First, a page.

For anybody still in doubt that Antifa’s goal is violent suppression of opposing political viewpoints, it’s a good time to pay attention.
Antifa is a violent movement, originally created to combat the rise of fascism in the 1930s. Obviously, it didn’t work, but the concept was sound. In 2017, roving gangs of masked leftists and anarchists have taken up the name, but have abandoned the cause entirely, inciting violent riots, as well as individual violence against those with whom they disagree.
If you’ve ever played a first-person-shooter, then you know that Nazis are just about the only people you can kill en masse, indiscriminately, and feel pretty good about it. It’s not just the left. The right hates Nazis, too. There was a whole war over it, but that was decades ago, so it’s not entirely surprising to see so many struggling to recollect it, though it’s troubling to see that amnesia extending to college professors.
The neo-Antifa movement has adopted the most fascist tactics available to silence political opponents, which they justify to themselves, and the rest of the political left, by simply saying the word “Nazi” over and over again. Professor Mike Isaacson, teaching at John Jay College, is a perfect example. In an appearance on FOX News, Tucker Carlson took him to task for Antifa’s violent oppression of opposition speech, which Isaacson defended by, as before, just saying “Nazi” a lot.
Isaacson claims to believe in the principle of free speech, and Antifa’s entire existence is dependent on that universal human right, as are all protests, fundamentally. Free speech isn’t a left/right thing, and is central to the very principles upon which America was founded, as well as democratic ideals around the world. Every step of progress we’ve made as a civilization, from women’s suffrage to the civil rights movement, has been largely due to people with unpopular opinions being allowed to assemble and express themselves. There are exceptions, and there are instances of the government silencing free expression, but the principle is inviolable outside of oppressive, often tyrannical regimes. Here are some good examples of governments that do/did not allow free speech: North Korea, the Soviet Union, Nazi Germany.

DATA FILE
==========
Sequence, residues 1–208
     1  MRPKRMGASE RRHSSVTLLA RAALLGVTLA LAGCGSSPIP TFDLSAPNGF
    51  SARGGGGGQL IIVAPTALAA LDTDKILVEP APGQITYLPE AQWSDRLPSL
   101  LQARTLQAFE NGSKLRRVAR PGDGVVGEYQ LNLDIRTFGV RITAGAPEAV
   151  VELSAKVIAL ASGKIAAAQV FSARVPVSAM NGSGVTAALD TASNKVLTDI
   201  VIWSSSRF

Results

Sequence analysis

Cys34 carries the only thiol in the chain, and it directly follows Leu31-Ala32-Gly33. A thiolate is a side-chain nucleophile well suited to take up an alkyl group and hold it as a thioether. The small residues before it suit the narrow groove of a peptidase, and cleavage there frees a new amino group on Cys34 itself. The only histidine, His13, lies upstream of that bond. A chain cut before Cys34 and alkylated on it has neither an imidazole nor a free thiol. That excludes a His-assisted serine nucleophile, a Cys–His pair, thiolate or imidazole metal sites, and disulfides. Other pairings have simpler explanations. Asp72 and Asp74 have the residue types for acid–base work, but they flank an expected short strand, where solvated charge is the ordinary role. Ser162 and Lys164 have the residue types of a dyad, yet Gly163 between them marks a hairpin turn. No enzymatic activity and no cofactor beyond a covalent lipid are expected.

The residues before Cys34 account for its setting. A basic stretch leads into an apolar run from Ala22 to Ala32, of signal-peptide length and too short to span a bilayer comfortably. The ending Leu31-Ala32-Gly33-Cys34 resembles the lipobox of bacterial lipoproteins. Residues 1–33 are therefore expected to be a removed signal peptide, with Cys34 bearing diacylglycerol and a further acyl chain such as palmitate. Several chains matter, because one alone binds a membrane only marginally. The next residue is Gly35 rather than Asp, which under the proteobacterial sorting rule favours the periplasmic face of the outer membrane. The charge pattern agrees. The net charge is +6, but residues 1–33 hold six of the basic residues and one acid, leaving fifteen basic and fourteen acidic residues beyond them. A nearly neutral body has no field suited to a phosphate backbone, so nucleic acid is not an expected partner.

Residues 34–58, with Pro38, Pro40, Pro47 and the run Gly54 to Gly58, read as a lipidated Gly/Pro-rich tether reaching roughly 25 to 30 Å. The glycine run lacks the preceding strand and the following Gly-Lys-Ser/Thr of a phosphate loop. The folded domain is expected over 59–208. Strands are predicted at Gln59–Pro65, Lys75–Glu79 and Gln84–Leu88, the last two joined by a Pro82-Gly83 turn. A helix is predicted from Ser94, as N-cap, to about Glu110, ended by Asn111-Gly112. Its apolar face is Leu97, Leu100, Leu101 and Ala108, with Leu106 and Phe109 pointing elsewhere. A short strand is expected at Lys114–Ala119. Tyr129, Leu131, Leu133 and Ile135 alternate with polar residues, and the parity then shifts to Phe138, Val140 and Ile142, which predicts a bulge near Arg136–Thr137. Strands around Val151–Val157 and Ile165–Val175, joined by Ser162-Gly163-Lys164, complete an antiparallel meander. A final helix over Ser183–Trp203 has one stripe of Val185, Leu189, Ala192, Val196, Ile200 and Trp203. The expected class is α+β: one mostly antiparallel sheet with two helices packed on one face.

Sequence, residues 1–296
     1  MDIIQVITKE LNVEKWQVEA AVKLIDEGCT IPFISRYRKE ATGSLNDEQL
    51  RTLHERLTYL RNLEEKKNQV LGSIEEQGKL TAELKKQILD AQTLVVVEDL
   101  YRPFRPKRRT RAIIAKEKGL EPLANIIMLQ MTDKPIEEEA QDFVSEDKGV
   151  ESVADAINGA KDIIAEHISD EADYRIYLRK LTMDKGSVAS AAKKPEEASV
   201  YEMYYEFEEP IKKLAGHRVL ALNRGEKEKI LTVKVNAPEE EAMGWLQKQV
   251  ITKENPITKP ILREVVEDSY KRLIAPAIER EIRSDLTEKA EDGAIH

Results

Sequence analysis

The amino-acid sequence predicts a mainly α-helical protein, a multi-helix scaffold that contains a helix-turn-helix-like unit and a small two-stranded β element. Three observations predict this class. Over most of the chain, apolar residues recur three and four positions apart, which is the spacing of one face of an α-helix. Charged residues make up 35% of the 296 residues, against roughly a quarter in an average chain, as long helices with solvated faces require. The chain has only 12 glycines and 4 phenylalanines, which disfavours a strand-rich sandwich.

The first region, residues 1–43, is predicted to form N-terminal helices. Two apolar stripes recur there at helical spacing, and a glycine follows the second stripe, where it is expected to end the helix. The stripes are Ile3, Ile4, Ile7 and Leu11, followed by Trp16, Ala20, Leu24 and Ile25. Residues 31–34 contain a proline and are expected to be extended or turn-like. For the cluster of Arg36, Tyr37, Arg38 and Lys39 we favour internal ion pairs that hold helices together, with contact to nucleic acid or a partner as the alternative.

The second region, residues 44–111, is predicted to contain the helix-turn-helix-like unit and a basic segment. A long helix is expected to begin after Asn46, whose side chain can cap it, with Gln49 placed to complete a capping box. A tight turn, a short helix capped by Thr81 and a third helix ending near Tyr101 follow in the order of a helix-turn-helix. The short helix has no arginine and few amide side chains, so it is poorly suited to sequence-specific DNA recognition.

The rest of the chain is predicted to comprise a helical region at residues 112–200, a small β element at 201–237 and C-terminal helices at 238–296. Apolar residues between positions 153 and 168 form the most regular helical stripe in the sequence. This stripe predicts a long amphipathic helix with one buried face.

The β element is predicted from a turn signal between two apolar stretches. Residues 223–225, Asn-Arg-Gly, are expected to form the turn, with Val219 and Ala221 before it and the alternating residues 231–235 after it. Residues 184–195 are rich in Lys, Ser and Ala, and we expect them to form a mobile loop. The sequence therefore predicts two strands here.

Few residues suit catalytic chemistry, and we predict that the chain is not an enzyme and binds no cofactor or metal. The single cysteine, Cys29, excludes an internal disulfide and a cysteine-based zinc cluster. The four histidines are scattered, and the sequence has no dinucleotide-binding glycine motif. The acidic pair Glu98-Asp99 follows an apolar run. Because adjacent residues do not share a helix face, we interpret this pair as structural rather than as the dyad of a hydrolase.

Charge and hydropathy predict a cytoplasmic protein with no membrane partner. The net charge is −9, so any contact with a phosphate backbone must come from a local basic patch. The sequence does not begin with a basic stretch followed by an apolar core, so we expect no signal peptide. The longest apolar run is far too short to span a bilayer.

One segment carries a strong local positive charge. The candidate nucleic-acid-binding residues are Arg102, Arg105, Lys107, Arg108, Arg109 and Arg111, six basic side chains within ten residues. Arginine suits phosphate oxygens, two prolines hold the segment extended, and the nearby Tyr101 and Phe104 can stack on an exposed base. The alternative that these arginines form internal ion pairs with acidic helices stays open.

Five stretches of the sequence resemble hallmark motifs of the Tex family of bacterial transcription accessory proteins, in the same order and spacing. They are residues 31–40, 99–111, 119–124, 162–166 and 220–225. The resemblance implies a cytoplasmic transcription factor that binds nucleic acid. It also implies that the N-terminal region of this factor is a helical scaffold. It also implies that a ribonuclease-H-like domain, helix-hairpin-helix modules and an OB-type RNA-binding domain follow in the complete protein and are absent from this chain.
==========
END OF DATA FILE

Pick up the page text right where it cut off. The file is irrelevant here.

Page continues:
When Tucker Carlson asked point-blank (around 3:00) whether Richard Spencer has the right to speak in public, Isaacson’s response was indicative of the fascist tendencies of the neo-Antifa terrorists; “I don’t think he has a right to speak in public…” A belief he shares with the rest of Antifa, and is eager to enforce through the use of physical violence. If you’ve read much about the rise of the Nazis in Germany, that will probably sound familiar.
Isaacson is also under fire for a wildly inappropriate tweet, more or less glamorizing the death of police officers, with an August 23rd tweet concluding, “I think it’s a privilege to teach future dead cops.”
With police officers being executed while idling in their patrol car in New York City, his tacit endorsement of their murder, and now-public acknowledgement of his organization’s opposition to the principle of free expression, whenever it suits them, it’s about time to stop pretending President Trump was wrong about Charlottesville.
A recommendation for the left: Denounce your fascists, like the right denounces the neo-nazis, and go from there.
A note to Antifa: Just because it’s called Democratic People’s Republic of Korea does not mean it is Democratic or a People’s Republic. It’s just a violent dictatorship that justifies its oppression as a means to protect the people.
Feature Image via Washington Post